//Asbestos: The Magic Mineral No One Wants except India

Asbestos: The Magic Mineral No One Wants except India

By: Indrajeet Rai With inputs from Rahul Agarwal

From all the debates and discussions surrounding Clemenceau, what is apparent is that its arrival in Alang depends on one single factor: the amount of asbestos contained in it. This ‘asbestos yardstick’ raises a host of questions. What is asbestos? Is it hazardous in nature? What are its effects on human health as well as on the environment? Is it illegal to import asbestos? What are the provisions regarding the trans-boundary movement of Asbestos in particular and of the hazardous materials in general?

The word asbestos is of Greek origin and means ‘indestructible’. Asbestos has been hailed as a magic mineral. By its virtue of high durability with great tensile strength, it has been used in over 3000 products. Prominent among them being: cement products, water pipes, gasket sheet materials, roof materials, paints and in thermoplastics etc.

Asbestos occurs in six natural forms. However, Chrysotile, Amosite and Crocidolite are the most commonly found forms of Asbestos. Chrysotile alone accounts for 90 percent of the total asbestos used in the industry.

Like the magic material ‘plastic’, asbestos-the magic mineral- has also become a bane for humanity and the environment. It has become a global health hazard. Asbestos has emerged as a proven carcinogen and the European Union has classified it as the Category one carcinogen. In America alone, where at one point of time asbestos use was very high, asbestos has caused over 2,00, 000 deaths. It is estimated that that there will be more than half million asbestos cancer deaths in Western Europe over next 35 years. As per a USA Today report, asbestos could claim about I million lives in the developing world in the next 30 years.

In India, the National Institute of Occupational Health(NIOH) has done a number of health studies that found the prevalence of asbestosis among the workers working in asbestos industries. Asbestosis is a scarring of lungs that leads to breathing problems and heart failure. In a study the Cancer Research Institute Chennai has found that 3-4 percent of all lung cancer in India were asbestos-related. The same study, quoting from the American and the European reports, also estimates that on an average 30 deaths are caused daily by asbestos-related diseases.

Most of the developed world has banned the use of asbestos. Over 40 countries in the world have banned the use of asbestos and related products. In 1999, the EU decided to ban all usage of asbestos in its member countries by 2015. Owing to public health concerns, in the US, the asbestos use is down to 2 percent of its peak use during the 1970s. Canada has started exporting 96 percent of the asbestos mined in its territory.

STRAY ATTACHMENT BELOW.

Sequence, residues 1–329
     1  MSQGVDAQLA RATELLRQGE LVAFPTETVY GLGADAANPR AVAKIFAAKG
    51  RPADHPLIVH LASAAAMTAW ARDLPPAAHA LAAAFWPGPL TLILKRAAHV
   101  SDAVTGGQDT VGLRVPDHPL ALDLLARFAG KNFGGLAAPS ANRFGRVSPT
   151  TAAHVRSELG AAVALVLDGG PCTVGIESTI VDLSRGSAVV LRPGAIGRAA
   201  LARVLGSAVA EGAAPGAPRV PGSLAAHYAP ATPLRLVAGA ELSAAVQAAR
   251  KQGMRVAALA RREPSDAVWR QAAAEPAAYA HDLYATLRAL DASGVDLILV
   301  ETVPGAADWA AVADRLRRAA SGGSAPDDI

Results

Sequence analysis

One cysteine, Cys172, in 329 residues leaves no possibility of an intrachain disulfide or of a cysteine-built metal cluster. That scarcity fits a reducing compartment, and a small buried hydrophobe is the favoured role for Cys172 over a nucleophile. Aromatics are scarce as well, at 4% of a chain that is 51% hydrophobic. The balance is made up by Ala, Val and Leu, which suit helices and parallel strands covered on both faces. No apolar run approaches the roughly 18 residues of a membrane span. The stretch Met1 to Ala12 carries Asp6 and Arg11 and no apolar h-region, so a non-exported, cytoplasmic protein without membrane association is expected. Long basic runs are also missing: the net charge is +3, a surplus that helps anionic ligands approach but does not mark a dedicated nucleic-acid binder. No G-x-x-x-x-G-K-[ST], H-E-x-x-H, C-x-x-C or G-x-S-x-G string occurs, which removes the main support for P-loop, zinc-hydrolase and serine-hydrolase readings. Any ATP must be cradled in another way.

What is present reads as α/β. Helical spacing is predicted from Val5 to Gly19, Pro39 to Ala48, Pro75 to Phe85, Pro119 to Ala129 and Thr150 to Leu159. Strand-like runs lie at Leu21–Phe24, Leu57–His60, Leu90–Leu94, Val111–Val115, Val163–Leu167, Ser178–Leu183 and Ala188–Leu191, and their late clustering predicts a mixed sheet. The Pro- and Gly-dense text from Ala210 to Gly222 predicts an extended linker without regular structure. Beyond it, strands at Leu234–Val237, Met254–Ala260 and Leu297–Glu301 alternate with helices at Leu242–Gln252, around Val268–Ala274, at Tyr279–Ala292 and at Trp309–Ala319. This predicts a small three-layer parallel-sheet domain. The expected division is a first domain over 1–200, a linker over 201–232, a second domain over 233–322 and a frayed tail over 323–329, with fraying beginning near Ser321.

On the other hand, India has been continuously trying to promote the import of asbestos in the country. Thus, it has reduced import duty on asbestos from a peak of 110 to 50 percent while it has brought down the custom duty on asbestos from 78 per cent in 1995-96 to 25 percent in 1999-2000.

In India asbestos is a Rs. 800 crore industry that provides direct employment to about 6000 people and indirect employment to about 1,00, 000 people. Andhra Pradesh, Rajasthan and Bihar are major asbestos mining states in India. According to Dr S K Dave of NIOH, "the total use of asbestos in the country is 1.25 lakh tonnes, out of which more than nearly 1.0 lakh tonnes is being imported. About 90% of asbestos is being used by the asbestos cement industry."

The Indian Standards Institution is the pioneer institute that specifies national standards relating to asbestos mining, manufacturing and handling. Hazardous Wastes (Handling and Management) Rules 1989 and the Environment Protection Act (1986) also regulate use of asbestos in India. India has banned the import of dust and fibre asbestos wastes. But India has been reluctant to impose a blanket ban on the import as well as mining of asbestos in the country. The two most important reasons, given by the government, for not banning asbestos are: the absence of cheaper alternatives to asbestos products, since asbestos products are cheaper and are mostly used by the poor in the country, and the absence of conclusive proof for ill-health effects of asbestos products. The tacit reasons may be the clout of the Rs.800 crore industry and not so direct exposure to asbestos and related products of the people who matter.

The case of Clemenceau and the amount of asbestos contained in it once again raises the issues of human rights and environmental justice. France has banned the import of asbestos in its territory. For this, it has to fight a battle with Canada in the World Trade Organization (WTO). The WTO has given a judgement in favour of France upholding its decision to ban the import of asbestos from Canada.

However, the same France is more than eager, in giving a green signal to Clemenceau to export the asbestos to India. Obviously, once again the attempt is being made to transfer risk from one country to another and from one social group to another.

Saturday, January 28, 2006 , zeenews
http://www.zeenews.com/znnew/articles.asp?aid=269268&sid=ZNS